suggest me a capacitor/resistor pair

Discussion in 'General Electronics Chat' started by mik3ca, Mar 4, 2008.

  1. mik3ca

    Thread Starter Active Member

    Feb 11, 2007
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    It seems that with my radio circuit, I have capacitors with about 20% tolerance to them and resistors with 5% tolerance. The problem with the tolerance is that it is causing me to insert random capacitors just to achieve exact values.

    Rather than buying standard 1/4 watt carbon resistors, and titanium caps with 20% tolerance, what kind of capacitors and resistors should I buy (at least for the quench oscillator found in typical receivers)?

    I don't want to spend a ridiculous amount on each capacitor, and I don't want to buy too many of them to make a certain value, and my only stores nearby are Sayal Electronics (which is the store I usually shop from), and Nu-tech electronics (which can become expensive).

    There is also the source by circuit city, but they are expensive and they have a limited supply.

    I'm hoping for a 2% or better tolerance.
    I could also order online if the site I order from supports paypal.
     
  2. nomurphy

    AAC Fanatic!

    Aug 8, 2005
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    12
    With lower values (say <1000pF), you should use NP0 (C0G) type ceramics which are very stable and accurate. Above that, up to about 1uF (although they can go higher) use X7R ceramics. Stay away from the older Y5V or such ceramics.

    Various types of polys (polypropolene, polystyrene) which are also fairly stable are available as well.

    A 10% tantalum (not titanium) is very procurable over the 20% version, and 1% resistors are now common (Radio Shack had 2% resistors decades ago).
     
  3. SgtWookie

    Expert

    Jul 17, 2007
    22,182
    1,728
    Radio Shack actually does still carry a (very limited) stock of 1% metal film resistors. Nothing like the 60's and 70's though. :(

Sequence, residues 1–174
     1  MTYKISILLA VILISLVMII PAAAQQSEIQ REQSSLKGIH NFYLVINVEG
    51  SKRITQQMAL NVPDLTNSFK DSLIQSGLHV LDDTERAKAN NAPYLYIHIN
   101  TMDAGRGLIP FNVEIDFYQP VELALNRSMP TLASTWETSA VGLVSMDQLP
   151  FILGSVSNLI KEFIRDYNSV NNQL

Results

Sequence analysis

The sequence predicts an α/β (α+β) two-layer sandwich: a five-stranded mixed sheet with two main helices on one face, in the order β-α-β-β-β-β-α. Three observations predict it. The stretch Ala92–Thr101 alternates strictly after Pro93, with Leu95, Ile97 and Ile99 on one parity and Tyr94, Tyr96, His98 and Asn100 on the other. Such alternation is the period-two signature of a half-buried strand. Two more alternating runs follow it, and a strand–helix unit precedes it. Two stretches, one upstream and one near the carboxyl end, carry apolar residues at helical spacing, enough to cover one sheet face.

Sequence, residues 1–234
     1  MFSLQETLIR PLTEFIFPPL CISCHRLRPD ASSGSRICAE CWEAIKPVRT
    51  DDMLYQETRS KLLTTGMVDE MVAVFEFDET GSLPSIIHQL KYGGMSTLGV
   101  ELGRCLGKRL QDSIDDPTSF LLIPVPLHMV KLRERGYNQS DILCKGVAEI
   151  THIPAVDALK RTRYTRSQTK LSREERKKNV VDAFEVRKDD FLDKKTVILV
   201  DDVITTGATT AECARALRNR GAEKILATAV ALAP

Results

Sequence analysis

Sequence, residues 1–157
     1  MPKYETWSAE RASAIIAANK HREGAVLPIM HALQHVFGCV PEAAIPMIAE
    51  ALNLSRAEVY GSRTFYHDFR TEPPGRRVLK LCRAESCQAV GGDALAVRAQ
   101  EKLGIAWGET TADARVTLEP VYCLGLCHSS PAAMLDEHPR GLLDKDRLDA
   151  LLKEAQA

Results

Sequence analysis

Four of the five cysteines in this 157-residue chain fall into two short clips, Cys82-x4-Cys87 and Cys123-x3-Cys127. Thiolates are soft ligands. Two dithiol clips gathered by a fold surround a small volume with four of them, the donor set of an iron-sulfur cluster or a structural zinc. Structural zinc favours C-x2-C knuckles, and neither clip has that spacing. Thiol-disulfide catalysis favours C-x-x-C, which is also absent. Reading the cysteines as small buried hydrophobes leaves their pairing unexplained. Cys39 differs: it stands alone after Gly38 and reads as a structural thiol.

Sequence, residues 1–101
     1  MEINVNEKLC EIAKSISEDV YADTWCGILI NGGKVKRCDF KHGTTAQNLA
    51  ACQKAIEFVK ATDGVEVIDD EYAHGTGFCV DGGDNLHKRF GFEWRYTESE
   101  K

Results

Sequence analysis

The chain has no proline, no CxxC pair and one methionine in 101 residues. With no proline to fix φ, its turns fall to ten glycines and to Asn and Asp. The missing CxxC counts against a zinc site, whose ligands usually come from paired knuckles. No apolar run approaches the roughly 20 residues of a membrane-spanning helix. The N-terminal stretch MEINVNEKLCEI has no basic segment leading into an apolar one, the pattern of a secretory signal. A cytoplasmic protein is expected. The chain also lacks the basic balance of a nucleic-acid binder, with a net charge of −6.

Actually, at the moment I'm working up a circuit to test caps and inductors, that might be quite helpful for you. It will be a modification of a circuit that AARL published years ago that someone else modified, and that I'm making mods to as I'm not satisfied with the mods that were made.

    Once I get it working to my satisfaction, and construction is repeatable using commonly available materials/components, I'll post it in the Projects Collection section so that others may benefit.
     
  4. Audioguru

    New Member

    Dec 20, 2007
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    Ceramic disc capacitors rated for NPO are stable and work well at VHF frequencies if their leads are short and their value is less than about 0.01uF.

    Metalized plastic film capacitors are good for audio frequencies, are available in 5% tolerance and are fairly inexpensive.

    Electrolytic capacitors are inductive above about 100kHz and therefore are not suitable for VHF frequencies.

    Typical receivers don't have a quench oscillator. They are super-heterodyne. Only super-regen receivers have a quench oscillator that stops the circuit over and over when it starts oscillating.

    Your quench oscillator must operate above about 25kHz so that you don't hear it and don't hear it beating with the 19kHz stereo pilot tone. You might hear it beating with the 38kHz stereo sidebands.
     
  5. mik3ca

    Thread Starter Active Member

    Feb 11, 2007
    189
    0
    Thanks.

    I guess that means I will have to either order them from somewhere special, or I will walk into nu-tech electronics, hope and pray they have them and pay an arm and a leg.

    Is there any special marking on the capacitor that makes it NPO? or do I look for the letters "NPO"?
     
  6. nomurphy

    AAC Fanatic!

    Aug 8, 2005
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  7. Audioguru

    New Member

    Dec 20, 2007
    9,411
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    Ceramic capacitors with a stable NPO rating are very inexpensive. I bought some from Digikey and Newark.

    A friend of mine worked at (now gone from Canada) Radio Shack and gave me many radio controlled toys' electronic circuit boards. They are full of low value NPO ceramic disc capacitors. He also gave me a bag full of portable radios.

    My son found a guy who worked for Best Buy Electronics. He came home with a truckload of "unrepairable" electronic products. I fixed a few by using parts from duplicates.

    I have the parts from many telephones and their answering machines.

    I have a stash of new parts that were added to orders to beat the minimum order amount.

    I have a few new-old printers that I havent opened yet.

    I have the computer from a car.

    Now I have millions of good parts for free.
     
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